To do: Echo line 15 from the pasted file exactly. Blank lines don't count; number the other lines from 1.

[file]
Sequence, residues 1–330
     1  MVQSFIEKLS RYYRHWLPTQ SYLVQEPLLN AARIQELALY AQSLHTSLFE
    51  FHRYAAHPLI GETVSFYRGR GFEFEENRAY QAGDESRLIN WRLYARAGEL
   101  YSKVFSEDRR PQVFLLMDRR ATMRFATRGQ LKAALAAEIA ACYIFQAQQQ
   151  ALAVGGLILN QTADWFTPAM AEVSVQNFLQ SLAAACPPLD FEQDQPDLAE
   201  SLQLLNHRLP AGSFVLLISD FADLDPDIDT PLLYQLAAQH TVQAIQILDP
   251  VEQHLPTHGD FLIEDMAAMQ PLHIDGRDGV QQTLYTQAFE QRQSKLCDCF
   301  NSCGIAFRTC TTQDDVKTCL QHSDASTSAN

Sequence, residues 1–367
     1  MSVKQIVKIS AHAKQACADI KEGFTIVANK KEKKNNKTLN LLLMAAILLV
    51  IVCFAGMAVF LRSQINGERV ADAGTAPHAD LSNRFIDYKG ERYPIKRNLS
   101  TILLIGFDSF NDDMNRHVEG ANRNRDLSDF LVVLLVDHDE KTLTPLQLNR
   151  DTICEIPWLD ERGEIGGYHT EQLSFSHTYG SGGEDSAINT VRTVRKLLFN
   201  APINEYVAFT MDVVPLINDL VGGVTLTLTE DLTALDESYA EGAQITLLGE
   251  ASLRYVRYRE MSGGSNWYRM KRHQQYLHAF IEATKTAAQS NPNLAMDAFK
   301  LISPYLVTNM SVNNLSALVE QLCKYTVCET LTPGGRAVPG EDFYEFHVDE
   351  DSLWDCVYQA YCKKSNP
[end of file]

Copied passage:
   251  ASLRYVRYRE MSGGSNWYRM KRHQQYLHAF IEATKTAAQS NPNLAMDAFK